The two forms of intelligence, emotional (EQ) and IQ, are completely unrelated with repeated studies showing that there is no correlation what so ever between the two concepts.
You can be measured as being high in both, you can be low in both, high in one, low in one and high in the other – there is no correlation. Regardless of your IQ level, it’s your levels of emotional intelligence that will be the best predictor of your job performance.
Emotional Intelligence and Leadership Performance
In a famous study carried out by Goleman for the Harvard Business Review, he looked at the top executives of 200 large global companies.
The research concluded that when he looked at all types of jobs in those organisations, IQ and cognitive technical competencies count only for about 33% or one third of the skills required to carry out a job whilst EQ type competencies and abilities counted for around 66% or two-thirds.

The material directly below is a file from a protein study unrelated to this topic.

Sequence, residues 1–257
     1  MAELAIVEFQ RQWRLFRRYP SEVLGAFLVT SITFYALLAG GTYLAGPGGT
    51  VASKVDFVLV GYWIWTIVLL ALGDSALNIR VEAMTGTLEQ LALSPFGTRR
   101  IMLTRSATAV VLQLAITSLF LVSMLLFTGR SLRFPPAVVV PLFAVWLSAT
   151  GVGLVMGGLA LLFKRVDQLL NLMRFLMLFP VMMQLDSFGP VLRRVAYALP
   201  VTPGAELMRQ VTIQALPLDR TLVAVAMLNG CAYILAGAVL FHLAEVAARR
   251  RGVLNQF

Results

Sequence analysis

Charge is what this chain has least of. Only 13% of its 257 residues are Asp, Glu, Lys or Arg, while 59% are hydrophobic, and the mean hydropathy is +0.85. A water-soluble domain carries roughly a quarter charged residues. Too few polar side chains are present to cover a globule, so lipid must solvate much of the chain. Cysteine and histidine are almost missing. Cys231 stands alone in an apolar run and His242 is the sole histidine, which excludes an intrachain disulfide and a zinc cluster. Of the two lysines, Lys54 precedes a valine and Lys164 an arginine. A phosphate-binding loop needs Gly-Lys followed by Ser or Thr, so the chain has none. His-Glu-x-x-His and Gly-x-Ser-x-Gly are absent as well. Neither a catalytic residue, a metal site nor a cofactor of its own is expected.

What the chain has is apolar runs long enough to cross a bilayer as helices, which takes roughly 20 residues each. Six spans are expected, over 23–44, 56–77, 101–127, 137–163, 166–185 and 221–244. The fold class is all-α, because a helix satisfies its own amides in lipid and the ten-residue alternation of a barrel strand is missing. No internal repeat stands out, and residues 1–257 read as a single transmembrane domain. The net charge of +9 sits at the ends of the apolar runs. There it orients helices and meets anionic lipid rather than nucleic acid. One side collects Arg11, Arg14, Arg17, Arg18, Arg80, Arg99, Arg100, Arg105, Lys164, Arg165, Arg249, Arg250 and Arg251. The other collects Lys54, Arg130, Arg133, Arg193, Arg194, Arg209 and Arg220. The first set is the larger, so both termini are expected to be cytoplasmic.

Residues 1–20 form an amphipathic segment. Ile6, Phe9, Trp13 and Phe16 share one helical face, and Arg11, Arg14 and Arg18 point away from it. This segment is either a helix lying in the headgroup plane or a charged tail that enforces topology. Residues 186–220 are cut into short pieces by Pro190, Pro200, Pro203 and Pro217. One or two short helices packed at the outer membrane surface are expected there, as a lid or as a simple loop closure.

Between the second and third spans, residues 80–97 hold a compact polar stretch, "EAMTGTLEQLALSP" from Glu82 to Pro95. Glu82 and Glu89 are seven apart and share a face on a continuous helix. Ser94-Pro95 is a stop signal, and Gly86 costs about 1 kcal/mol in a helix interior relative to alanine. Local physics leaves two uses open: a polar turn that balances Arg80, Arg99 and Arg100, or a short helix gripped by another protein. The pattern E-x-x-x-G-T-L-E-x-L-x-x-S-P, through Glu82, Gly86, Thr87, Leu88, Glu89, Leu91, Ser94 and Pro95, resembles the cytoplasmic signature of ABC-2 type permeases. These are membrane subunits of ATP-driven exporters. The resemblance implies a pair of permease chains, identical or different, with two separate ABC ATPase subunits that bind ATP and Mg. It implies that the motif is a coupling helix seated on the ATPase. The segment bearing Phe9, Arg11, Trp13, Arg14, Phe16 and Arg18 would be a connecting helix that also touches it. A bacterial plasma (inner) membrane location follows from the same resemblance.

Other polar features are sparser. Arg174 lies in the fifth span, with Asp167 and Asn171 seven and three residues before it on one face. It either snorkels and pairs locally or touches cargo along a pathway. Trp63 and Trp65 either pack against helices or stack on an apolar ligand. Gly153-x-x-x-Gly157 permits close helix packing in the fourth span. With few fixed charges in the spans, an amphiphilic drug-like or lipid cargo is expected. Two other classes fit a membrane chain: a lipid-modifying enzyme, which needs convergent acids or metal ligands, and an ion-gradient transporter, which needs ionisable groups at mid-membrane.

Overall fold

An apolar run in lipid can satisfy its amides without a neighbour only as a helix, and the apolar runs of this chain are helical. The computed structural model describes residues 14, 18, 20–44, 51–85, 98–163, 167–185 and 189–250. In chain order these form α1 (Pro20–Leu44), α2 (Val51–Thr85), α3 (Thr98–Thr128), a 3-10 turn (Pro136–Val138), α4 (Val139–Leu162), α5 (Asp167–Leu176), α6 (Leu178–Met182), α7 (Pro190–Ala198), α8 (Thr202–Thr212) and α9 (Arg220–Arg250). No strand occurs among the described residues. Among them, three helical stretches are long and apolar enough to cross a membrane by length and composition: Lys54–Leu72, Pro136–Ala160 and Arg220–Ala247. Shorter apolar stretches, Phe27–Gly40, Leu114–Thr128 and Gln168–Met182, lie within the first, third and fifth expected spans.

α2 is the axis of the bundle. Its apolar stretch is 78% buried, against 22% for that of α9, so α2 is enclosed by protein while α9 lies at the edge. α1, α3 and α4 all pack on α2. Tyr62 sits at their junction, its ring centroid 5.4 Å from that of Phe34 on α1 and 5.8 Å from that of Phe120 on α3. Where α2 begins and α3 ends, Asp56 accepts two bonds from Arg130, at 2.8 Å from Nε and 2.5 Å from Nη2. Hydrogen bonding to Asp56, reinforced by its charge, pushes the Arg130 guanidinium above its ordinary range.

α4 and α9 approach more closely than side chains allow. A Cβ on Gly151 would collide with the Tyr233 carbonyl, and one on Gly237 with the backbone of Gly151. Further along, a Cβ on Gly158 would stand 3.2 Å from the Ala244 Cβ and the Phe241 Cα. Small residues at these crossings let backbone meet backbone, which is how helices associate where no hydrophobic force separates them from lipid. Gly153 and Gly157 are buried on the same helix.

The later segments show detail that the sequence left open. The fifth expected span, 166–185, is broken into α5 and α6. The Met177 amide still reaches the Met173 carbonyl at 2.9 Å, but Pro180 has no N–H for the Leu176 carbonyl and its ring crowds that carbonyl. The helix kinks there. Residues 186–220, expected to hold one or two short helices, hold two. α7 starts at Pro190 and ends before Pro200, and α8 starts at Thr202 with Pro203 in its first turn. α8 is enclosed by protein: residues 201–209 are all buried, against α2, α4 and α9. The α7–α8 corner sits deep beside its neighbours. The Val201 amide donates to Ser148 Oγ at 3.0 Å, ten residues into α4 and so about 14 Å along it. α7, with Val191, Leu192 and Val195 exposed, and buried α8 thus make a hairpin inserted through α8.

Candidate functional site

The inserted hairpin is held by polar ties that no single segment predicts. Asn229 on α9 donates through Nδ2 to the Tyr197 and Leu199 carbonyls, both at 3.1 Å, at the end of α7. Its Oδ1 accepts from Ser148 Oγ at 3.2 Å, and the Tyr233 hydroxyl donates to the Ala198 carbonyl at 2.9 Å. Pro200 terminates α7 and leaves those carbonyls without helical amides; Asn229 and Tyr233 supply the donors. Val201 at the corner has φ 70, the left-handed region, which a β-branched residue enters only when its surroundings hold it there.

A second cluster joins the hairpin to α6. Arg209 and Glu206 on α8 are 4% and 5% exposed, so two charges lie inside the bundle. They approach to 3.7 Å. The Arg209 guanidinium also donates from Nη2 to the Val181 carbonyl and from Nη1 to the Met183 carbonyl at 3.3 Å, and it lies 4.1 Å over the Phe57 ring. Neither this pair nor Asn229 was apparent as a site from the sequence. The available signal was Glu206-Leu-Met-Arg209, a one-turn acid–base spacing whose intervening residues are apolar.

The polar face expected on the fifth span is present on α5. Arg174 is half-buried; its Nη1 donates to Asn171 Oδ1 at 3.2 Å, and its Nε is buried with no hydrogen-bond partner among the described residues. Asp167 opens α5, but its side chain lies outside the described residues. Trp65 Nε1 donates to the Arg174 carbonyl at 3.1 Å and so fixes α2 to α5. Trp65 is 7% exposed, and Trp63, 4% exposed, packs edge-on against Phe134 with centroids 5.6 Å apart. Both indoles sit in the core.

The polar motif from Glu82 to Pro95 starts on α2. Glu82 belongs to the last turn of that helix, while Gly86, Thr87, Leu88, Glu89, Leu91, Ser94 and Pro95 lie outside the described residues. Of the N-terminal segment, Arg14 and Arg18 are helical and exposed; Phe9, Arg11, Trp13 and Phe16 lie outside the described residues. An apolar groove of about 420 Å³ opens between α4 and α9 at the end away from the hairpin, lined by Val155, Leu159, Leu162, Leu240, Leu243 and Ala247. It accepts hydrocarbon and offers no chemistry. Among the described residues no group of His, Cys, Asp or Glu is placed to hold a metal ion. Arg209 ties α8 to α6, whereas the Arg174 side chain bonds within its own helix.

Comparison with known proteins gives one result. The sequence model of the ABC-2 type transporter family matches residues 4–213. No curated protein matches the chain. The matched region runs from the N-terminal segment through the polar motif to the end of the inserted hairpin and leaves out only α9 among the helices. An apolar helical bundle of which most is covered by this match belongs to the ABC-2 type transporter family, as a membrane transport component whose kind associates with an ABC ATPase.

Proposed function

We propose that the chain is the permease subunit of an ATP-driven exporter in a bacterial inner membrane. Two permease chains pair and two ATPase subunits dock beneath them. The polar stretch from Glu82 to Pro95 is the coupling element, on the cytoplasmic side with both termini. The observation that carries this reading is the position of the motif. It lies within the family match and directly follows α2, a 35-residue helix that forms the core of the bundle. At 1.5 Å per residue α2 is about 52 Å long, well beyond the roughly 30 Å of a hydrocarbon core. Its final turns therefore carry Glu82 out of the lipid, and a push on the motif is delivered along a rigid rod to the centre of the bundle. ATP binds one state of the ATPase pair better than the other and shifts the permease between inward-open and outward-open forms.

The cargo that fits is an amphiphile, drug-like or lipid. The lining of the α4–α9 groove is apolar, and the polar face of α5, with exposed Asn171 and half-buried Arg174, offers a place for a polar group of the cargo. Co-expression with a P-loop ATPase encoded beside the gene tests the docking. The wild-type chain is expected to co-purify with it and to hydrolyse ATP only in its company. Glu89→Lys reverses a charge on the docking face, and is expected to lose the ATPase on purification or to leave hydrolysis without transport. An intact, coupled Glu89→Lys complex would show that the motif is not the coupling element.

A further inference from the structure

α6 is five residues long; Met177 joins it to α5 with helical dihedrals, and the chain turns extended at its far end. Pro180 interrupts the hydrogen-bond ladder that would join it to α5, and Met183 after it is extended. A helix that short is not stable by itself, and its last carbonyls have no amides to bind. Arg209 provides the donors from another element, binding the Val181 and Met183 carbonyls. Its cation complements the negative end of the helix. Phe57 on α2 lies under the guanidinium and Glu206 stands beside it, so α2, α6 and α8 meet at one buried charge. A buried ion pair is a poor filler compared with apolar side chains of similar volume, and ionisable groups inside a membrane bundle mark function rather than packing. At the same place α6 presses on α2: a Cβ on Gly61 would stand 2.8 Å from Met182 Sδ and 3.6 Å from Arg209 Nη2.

What was even more remarkable though was when Goleman looked at more leadership orientated roles, IQ and technical skills only made up 15 % of the role and that a massive 85 % of the role required emotional intelligence skills.
So whilst a level of IQ might be required to pass an assessment test to get your foot in the door somewhere, once you are in that new organisation, it’s Emotional Intelligence that will be the major contributing factor as to how you perform and advance in the job.
Since this initial research over 25 years ago, many, many more similar research studies have gone on to show exactly the same thing. People do well in jobs mainly because of their emotional intelligence skills as opposed to their technical skills or IQ levels.
And when it comes to management and leadership performance, emotional intelligence abilities are a much more reliable predictor for long-term career performance and success.
Emotional Intelligence and Personality
A final point to make about your emotional intelligence and help you further appreciate what it is, and what it is not, is to highlight that its not another name for your personality and that both are very different concepts.
Your Personality is effectively what makes you, you and encompasses all the traits, characteristics, and quirks that defines you and sets you apart from every other human being in the world.
Personality and the OCEAN Model